Inside, you'll find a collection of THE BEST 365 inspirational quotes, (organized by theme for quick reference) along with a novel way to use them on a daily basis in any classroom to foster character development. This is an activity (referred to as "Birdseed") every teacher in any grade (ideally 4-12) can use to create an environment conducive to authentic learning.
Countless hours have been spent in the early morning light of my classrooms searching the internet for the perfect quotes to spark powerful conversations. There are—literally—millions of quotes to sort through on the internet (and other countless resources), but included here are the few shiny gems (365) that have served time and again as catalysts for remarkable dialogue. Some have made students laugh; some have instigated healthy debates; some have temporarily left them confused, but all have made them think.
The quotes are organized according to concepts, and many are metaphorical as I believe we learn best and remember most through metaphors. I have also made every effort to give credit where it’s due by including a brief biographical snippet about each contributor in the index, should you decide to share this. Often, learning about the lives of these visionaries serves as a lesson in itself.
There are several ways you can put Birdseed into practice. You might randomly choose a daily quote for discussion and written reflection, or you can choose a quote based on its theme and relate it to curriculum you are currently studying. Allowing a different student each day to open the book to a random page and choose a “message from the universe” is also a fun way to get the kids involved.
I prefer to have Birdseed written on the board before students walk into class, which makes for a calm, smooth transition. They enter the room, grab their journals, look to the stick-bird on the board and begin copying the quote. This gives me a few peaceful minutes to take attendance and gear up for the lesson ahead.
Once everyone has written down the day’s Birdseed, I start asking questions to generate discussion. (After this procedure has been in place for a while, you’ll see the hands start flying up before you even prompt them.) After reading the day’s quote aloud, I ask questions like:
What does this mean?
What does this remind you of?
Do you agree or disagree?
How might this be true?
How might this be a metaphor for life?
How does this apply to you?
Students are always more than eager to share their thoughts and connections, and after 3–4 minutes of whole group discussion, followed by my own thoughts on the quote, they are able to write independently on the topic with ease for 2–3 minutes. When there’s time, I let a few share their reflections with the class.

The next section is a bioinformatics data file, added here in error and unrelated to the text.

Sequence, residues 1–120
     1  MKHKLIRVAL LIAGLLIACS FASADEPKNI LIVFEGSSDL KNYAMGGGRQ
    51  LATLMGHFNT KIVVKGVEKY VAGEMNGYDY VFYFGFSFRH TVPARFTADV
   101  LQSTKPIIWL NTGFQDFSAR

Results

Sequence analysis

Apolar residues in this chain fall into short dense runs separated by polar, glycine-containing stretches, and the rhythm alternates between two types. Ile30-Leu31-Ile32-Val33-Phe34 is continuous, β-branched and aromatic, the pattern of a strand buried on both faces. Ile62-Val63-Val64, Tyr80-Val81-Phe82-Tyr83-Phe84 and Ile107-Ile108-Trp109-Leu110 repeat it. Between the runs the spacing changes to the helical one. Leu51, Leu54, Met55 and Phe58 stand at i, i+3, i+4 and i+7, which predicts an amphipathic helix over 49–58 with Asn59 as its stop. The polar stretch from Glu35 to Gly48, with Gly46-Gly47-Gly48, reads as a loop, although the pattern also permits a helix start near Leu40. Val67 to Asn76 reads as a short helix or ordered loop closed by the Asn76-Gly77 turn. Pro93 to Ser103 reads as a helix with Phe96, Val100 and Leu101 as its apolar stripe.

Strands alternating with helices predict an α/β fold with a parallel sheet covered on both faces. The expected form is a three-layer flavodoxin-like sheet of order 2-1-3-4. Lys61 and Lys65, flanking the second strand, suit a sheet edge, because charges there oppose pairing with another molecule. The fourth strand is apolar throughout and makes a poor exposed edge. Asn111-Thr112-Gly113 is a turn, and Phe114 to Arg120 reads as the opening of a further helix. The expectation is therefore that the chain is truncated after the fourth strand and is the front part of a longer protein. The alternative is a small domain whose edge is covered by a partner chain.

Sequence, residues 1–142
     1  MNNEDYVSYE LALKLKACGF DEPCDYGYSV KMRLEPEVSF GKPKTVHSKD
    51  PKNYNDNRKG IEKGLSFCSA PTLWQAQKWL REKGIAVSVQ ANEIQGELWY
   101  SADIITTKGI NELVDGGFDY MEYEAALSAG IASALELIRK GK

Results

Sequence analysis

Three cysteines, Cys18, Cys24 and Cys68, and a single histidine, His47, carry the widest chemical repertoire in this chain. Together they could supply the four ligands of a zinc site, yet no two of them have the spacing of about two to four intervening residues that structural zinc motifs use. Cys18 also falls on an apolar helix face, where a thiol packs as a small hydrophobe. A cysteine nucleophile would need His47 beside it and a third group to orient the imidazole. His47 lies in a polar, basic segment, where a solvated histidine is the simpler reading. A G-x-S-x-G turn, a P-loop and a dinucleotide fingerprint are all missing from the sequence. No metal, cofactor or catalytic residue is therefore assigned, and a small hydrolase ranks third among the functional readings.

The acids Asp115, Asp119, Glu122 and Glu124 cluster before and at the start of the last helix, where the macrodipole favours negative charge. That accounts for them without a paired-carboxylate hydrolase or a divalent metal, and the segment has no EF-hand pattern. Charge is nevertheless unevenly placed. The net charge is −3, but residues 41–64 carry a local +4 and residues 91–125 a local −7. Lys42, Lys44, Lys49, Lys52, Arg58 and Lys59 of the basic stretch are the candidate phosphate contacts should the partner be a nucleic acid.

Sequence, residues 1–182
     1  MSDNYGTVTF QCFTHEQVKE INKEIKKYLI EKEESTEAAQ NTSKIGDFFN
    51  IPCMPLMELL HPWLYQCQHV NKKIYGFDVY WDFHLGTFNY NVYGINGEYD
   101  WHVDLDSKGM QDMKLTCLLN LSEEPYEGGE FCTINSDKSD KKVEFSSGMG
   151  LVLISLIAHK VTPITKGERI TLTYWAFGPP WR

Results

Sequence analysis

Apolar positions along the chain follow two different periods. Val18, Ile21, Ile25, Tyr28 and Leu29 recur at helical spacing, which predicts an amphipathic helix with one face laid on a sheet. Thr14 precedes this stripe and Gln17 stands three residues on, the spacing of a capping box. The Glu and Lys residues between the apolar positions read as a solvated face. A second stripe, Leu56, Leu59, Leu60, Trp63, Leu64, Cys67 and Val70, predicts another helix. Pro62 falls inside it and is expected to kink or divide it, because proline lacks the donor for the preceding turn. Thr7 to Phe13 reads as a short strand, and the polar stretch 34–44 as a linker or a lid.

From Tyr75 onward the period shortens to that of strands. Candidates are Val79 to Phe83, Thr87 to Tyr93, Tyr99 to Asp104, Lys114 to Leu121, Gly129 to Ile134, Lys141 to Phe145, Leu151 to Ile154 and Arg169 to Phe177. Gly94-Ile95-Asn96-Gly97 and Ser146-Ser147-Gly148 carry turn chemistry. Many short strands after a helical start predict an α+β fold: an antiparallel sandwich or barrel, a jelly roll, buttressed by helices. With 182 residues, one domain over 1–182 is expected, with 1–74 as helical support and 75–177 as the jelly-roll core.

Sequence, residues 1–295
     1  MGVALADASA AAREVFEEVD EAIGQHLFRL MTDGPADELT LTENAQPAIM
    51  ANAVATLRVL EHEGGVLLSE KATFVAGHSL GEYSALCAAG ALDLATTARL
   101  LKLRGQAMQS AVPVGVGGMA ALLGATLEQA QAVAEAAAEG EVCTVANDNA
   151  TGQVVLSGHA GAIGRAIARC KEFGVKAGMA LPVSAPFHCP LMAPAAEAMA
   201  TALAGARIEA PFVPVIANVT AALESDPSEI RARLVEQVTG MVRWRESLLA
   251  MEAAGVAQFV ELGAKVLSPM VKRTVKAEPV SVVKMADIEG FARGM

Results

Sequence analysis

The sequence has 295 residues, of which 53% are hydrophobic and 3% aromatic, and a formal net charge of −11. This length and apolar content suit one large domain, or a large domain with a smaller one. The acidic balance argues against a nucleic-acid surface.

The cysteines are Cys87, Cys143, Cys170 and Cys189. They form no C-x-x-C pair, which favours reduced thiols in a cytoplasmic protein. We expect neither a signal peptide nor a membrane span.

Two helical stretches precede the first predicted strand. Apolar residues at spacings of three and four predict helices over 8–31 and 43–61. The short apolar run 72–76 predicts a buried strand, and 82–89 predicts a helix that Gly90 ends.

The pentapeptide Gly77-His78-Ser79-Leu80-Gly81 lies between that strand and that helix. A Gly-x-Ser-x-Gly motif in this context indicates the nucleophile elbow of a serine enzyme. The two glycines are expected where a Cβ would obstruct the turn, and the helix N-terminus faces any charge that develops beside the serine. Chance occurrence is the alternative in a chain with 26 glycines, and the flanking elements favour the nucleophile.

Allowing students the opportunity to lead the Birdseed activity on occasion is a fabulous idea. In my classroom, every Friday I offer the spotlight to a student who can choose his or her own quote, write it on the board, and lead the whole-group discussion. They enjoy this so much they practically argue over the chance to do it, so to avoid conflict, I randomly draw a name out of a jar at the beginning of each week.
*Accommodations: Students with exceptional needs may benefit from having the daily quotes already written down for them. If they struggle with the first step of copying Birdseed from the board in a timely manner, they have less time to think about the meaning behind it and miss out on the opportunity to participate in discussion. For these students, it’s a good idea to have the day’s (or the week’s) Birdseed typed up and discreetly placed in their journals, which are always left in the classroom. Then, they can focus their attention on the discussion and written reflections.
At the end of every week, I collect students’ journals and read through their entries, always making an effort to write thoughtful comments in response to at least one of their reflections so they feel validated. I never grade their mechanics or grammar, as I don’t want the flow of their thoughts interrupted by the fear of criticism. Instead, I give “completion” or “participation” points, which factor into their final grades.
Obviously, you can shorten, stretch, or alter this activity however you choose to make it work best for you and your students. This is simply one more tool to add to your box of tricks that will hopefully leave you as inspired as those you share it with.
However you choose to use Birdseed, I commend you for your commitment and devotion to the Higher Calling of educating, empowering, and inspiring the world’s children.
In the words of Zig Ziglar: “Motivation doesn’t last. Neither does bathing. That’s why we recommend it daily.”
Let the magic begin…
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